Comparing 2 Development Systems for March and May-born Heifers

November 27, 2017 07:00 AM
Producing replacements in a beef herd is a critical and expensive enterprise for producers.

By: Shelby Springman; Hazy Nielson; and Rick Funston, University of Nebraska Extension

Producing replacements in a beef herd is a critical and expensive enterprise for producers, making more economical heifer development methods needed. Traditional recommendations suggest heifers weigh 65% of mature weight at breeding to maximize pregnancy rates. Lowering target weight at breeding allows heifers to be developed on a lower rate of gain, reducing feed inputs and costs. Previous studies have indicated heifers developed to less than 65% of mature weight have comparable reproductive performance to heifers developed in higher input systems. This study determined how heifer development system impacted subsequent growth and reproductive performance in March and May-born replacement heifers.

The study utilized crossbred heifers (5/8 Red Angus, 3/8 Continental). Two hundred twenty five March-born and two hundred fifty-eight May-born crossbred heifers were assigned to one of two postweaning nutritional treatments from mid-January to mid-April. 

Heifers were either offered:
1) ad libitum meadow hay and a 4 lb/d (32% CP, as-fed) supplement cube (HAY) or
2) allowed to graze meadow and offered 1 lb/d of the same supplement (MDW). 

Prior to and following treatment, heifers were managed together within their respective breeding group. Following the study, March-born heifers grazed meadow until June 1 and then grazed upland range. May-born heifers grazed upland range immediately following the treatment period due to decreased meadow availability. Heifers were synchronized with a single prostaglandin (PGF2α ) injection 5 days after bull placement for a 45–day breeding season. All heifers grazed Sandhills upland range through final pregnancy diagnosis.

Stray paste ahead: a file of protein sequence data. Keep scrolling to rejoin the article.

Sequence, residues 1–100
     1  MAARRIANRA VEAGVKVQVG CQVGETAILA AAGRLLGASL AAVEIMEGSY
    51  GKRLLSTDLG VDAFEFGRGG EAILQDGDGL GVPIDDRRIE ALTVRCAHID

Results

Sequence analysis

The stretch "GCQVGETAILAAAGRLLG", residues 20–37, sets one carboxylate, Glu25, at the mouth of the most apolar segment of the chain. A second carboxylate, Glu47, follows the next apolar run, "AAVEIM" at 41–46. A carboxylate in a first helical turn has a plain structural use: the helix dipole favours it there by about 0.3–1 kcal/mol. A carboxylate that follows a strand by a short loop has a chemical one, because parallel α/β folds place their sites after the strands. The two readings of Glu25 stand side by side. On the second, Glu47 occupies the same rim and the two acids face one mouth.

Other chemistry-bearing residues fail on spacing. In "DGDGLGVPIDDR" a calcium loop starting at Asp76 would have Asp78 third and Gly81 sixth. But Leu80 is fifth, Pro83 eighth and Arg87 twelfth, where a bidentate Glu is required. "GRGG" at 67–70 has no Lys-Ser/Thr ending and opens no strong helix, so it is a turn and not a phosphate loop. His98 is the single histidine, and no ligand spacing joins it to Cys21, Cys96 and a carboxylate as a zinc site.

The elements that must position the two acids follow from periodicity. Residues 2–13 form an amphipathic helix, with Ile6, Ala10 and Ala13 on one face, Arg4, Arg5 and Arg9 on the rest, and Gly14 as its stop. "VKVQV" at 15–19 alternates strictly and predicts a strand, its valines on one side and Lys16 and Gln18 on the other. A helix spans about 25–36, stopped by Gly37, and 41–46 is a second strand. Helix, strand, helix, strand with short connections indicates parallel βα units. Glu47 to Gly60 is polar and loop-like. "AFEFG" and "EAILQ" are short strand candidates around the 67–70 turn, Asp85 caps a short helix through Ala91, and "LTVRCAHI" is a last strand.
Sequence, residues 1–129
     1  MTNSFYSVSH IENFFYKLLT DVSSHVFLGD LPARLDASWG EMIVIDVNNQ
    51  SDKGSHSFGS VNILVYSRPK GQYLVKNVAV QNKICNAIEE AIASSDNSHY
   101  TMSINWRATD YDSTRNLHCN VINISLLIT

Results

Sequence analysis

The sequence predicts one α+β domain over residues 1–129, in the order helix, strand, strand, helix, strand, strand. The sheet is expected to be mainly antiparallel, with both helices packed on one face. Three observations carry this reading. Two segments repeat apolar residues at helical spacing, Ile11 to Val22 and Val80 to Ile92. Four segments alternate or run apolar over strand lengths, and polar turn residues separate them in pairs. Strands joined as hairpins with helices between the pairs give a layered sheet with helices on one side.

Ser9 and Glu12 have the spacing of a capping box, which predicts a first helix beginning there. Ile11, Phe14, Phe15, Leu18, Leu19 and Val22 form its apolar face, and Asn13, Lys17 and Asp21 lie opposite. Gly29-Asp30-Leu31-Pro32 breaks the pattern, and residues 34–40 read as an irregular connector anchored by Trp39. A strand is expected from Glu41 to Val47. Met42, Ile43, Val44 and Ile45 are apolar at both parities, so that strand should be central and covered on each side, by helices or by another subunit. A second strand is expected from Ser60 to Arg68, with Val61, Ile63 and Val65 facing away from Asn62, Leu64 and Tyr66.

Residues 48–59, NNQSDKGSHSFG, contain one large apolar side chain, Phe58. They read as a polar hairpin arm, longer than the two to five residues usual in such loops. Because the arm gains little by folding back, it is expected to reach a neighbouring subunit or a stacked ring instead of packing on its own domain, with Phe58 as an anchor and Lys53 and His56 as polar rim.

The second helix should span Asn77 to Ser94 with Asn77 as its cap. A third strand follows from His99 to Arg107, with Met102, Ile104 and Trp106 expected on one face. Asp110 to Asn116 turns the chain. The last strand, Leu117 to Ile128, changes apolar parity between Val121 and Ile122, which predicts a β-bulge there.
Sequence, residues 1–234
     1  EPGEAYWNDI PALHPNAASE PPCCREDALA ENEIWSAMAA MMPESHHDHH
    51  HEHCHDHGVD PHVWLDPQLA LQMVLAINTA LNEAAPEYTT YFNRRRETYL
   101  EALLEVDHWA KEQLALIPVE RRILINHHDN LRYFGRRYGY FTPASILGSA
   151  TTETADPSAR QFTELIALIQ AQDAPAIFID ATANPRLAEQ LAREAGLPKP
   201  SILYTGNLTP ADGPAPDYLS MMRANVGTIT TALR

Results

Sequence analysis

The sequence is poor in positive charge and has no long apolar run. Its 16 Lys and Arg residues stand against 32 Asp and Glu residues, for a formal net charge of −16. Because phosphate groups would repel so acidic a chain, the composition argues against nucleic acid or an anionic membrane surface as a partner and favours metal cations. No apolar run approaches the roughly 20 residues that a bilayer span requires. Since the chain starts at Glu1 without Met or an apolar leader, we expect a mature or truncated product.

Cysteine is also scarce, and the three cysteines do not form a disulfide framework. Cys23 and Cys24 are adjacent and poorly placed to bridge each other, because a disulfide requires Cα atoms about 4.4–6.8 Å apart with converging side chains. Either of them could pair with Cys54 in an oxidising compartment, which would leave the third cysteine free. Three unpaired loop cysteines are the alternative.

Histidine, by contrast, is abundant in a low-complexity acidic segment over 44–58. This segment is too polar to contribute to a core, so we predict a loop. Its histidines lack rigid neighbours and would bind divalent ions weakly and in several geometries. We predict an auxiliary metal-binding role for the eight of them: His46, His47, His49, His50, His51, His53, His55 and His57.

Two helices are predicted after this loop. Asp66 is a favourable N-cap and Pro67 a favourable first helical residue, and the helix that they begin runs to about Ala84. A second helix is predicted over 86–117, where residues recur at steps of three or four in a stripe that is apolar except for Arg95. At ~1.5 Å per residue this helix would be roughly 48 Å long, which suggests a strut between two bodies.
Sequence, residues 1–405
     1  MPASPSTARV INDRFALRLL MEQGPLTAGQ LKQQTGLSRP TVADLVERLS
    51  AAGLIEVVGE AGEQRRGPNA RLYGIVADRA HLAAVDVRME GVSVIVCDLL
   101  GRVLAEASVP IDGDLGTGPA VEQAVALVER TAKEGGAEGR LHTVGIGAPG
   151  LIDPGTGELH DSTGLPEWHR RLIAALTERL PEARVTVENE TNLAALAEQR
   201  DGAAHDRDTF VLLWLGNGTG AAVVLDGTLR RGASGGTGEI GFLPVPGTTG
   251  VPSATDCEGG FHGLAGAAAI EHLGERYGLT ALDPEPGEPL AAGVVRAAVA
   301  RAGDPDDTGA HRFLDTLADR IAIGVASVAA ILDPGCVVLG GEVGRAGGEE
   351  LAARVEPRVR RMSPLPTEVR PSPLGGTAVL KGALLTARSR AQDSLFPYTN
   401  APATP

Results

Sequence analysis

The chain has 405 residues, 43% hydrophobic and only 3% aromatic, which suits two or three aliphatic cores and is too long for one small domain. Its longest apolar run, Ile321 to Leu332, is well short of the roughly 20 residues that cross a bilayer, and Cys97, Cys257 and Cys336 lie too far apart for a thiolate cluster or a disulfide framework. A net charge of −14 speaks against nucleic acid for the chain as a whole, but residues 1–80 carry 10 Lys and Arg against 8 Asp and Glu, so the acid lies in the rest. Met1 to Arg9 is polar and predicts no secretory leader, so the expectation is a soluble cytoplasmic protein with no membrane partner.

In the March-born heifers, HAY heifers gained more than MDW heifers (1.72 vs. 1.12 lb/d; respectively). However, March-born MDW heifers gained more the month following the treatment period (1.21 lb/d) than the HAY heifers (0.46 lb/d). The increase in average daily gain (ADG) by the MDW heifers is likely from compensatory gain. However, HAY heifers still weighed more than MDW heifers at breeding (705 vs. 672 lb; HAY, MDW). Pregnancy rates were similar (88%) for HAY and MDW heifers. Furthermore, calving rate and the proportion of heifers calving in the first 21 days was similar between treatments. 

Similar to the March-born heifers, May-born heifers on HAY treatment gained more (1.30 vs. 0.77 lb/d; HAY, MDW) during the treatment period. Also similar, May MDW heifers gained more than HAY heifers following the treatment period, likely due to compensatory gain. May HAY heifers still weighed more compared with MDW heifers at breeding (701 vs. 653 lb; HAY, MDW). Pregnancy rates were also similar (70%) for HAY and MDW heifers. Calving rate did not differ (66%) between treatments, although, the proportion of heifers that calved in the first 21 days was greater for MDW (79%) compared with HAY heifers (64%). 

Heifer development system did not impact pregnancy rate or calving rate in the March or May replacement heifers. Therefore, a reduced input heifer development system from mid-January to mid-April is a viable option in both early and late summer breeding seasons. However it should be noted, March heifer pregnancy rate was greater (87 vs. 70 ± 3%) compared with May-born heifers. The lower pregnancy rate in May heifers may be due to declining forage quality during the late-summer breeding season.

Back to news


Spell Check

No comments have been posted to this News Article

Corn College TV Education Series


Get nearly 8 hours of educational video with Farm Journal's top agronomists. Produced in the field and neatly organized by topic, from spring prep to post-harvest. Order now!


Market Data provided by
Brought to you by Beyer